THE fall of the Berlin Wall was one of my foundational political memories. Images of people rejoicing over the end of a repressive regime, dancing on top of what had just days before been a wall of death and separation, reduced me to tears. I knew then,

at 11 years old, that democracy, human rights and a free, open society were good things worth fighting for.

Some years later, on the cusp of transition from Lower to Upper Sixth, I found a copy of AJP Taylor’s The Hapsburg Monarchy 1809-1918 in a second-hand bookshop. The book was the first I had bought – with my own pocket money – that dealt with the themes that were later to become central to my work: constitutions, good governance, democracy and state-building – and the relationship of these things to both public ethics and national identity.

Because of these influences on my early thought, I wanted to see the lands that were once behind the

Iron Curtain and especially those that had been part of the Austro-Hungarian Empire.

The opportunity came in the early 2000s when I took several holidays in Central Europe, travelling by train around Poland, Slovakia, Hungary and Transylvania.

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So it was that I found myself climbing up the steep path to Bratislava castle. For those whose notions of Central European castles were shaped by Hammer Horror films and Gothic novels, it is a little disappointing to behold: a large, square, white building with a spindly tower at each corner, looking something like an upturned bedstead.

It just so happened that the day I was there coincided with a state visit. In the castle courtyard a walkway had been cordoned off with red ropes. A small honour guard was assembled in ceremonial uniforms. A band played. In walked the presidents – Heinz Fischer of Austria and Ivan Gasparovic of Slovakia. Two democratically elected heads of state, of two equal European countries, walking side by side in what only a century before had been part of the Hapsburg Empire.

I had not yet discovered Tom Nairn’s After Britain or Norman Davis’s Vanished Kingdoms, but immediately I could see the parallels. This was what a mature, equal relationship between independent but closely co-operating states might look like. Here was a future vision of the post-imperial relationship between an independent Scotland and an independent England.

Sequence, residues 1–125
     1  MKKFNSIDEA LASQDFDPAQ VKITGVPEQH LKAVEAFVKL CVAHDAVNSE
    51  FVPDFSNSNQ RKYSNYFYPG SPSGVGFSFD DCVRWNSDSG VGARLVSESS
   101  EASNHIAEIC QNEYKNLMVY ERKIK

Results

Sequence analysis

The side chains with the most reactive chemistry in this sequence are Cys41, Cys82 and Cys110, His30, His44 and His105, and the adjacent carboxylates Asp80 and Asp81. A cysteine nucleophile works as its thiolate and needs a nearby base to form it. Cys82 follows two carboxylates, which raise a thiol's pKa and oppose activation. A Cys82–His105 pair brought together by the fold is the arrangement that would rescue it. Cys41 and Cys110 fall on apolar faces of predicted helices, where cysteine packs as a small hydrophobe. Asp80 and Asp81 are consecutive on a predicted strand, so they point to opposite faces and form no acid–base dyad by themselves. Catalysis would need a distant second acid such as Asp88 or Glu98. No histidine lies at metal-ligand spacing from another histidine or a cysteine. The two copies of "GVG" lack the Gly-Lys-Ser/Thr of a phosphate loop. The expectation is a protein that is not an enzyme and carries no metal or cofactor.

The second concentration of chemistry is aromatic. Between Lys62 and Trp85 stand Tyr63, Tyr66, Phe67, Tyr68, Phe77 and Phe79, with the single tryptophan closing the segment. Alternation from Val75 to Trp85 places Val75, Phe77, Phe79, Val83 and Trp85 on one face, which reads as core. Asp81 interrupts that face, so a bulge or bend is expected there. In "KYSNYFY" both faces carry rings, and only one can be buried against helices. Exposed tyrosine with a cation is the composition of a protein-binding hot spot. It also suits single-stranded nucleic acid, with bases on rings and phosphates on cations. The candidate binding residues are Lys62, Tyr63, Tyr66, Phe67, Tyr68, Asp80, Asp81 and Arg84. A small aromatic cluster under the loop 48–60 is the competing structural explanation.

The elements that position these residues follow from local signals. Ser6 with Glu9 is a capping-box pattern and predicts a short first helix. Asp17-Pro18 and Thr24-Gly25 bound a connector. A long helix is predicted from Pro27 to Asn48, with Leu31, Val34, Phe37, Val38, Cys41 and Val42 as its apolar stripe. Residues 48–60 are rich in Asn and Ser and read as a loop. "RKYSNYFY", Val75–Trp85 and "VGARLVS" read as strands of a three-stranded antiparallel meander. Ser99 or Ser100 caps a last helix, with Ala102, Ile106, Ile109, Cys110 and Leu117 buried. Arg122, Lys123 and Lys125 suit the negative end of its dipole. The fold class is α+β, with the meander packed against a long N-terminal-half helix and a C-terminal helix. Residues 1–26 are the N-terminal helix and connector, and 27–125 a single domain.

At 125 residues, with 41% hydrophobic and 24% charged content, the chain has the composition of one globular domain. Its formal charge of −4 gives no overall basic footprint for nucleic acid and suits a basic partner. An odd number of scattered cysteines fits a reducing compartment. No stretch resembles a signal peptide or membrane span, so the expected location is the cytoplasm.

The decline of the Hapsburg Empire was slow: having been defeated by Napoleon and then by Prussia, it spent the 19th century slipping down the ranking of Europe’s great powers. Twentieth century historians, with the benefit of hindsight, often saw an inevitability in its collapse.

More recent historians have challenged that narrative. The Austro-Hungarian Empire, as it became after the great constitutional Compromise (“Ausgleich”) of 1867, had some life in it.

The empire consisted of two parts, an Austrian part and a Hungarian part, each with their own elected parliaments, their own governments, their own finances.

Only the army, navy, foreign affairs and some aspects of joint finance were “common matters”. There was

a customs union uniting the two halves of the empire in a single market and co-operation on joint infrastructure projects such as railways, but these had to be renewed every 10 years.

Having failed at repression in the 1850s, after 1867 the Austro-Hungarian Empire became increasingly pluralistic and tolerant.

The nationalities, although denied political sovereignty (which was in any case only a minority demand), enjoyed substantial cultural autonomy and internal self-rule.

The empire was a flourishing example of a federal, plurinational society. The public administration, although bureaucratic and inflexible, was competent and honest.

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The empire also made progress in industrialisation, infrastructure, economic growth and social legislation. Labour protections and sickness and unemployment insurance were in advance of those in Britain at the time.

But when it fell, it fell fast. The stresses of the First World War strained the institutions and soured the relationships that had made the empire possible.

The war effort presented a challenge – to governance, state administrative capacity, procurement and distribution – that the empire could not meet. Its legitimacy dissolved. Under pressure, the empire was found to be hollow and imploded.

Dying Empire Syndrome is a strange disease. The outside can look healthy enough, even as the inside rots morally – like a great tree, whose height belies its dead core, until the wind pushes it over.

The UK is in just this condition. The British Government has revealed itself to be thoroughly corrupt and callously incompetent. The heart of oak is rotten. Covid-19 is the gale, Brexit the coming hurricane.

This is a counsel of hope, not despair. Fear not. There is an opportunity to rebuild better. But we must be ready.

The Scottish Government and all in the independence movement must understand the nature and scale of the task ahead. It is not about winning a referendum. It is about building a viable Scottish state that can weather the storm.

This column welcomes questions from readers

Watch the TNT show at 7pm on Wednesday, August 12 with guest former MEP Heather Anderson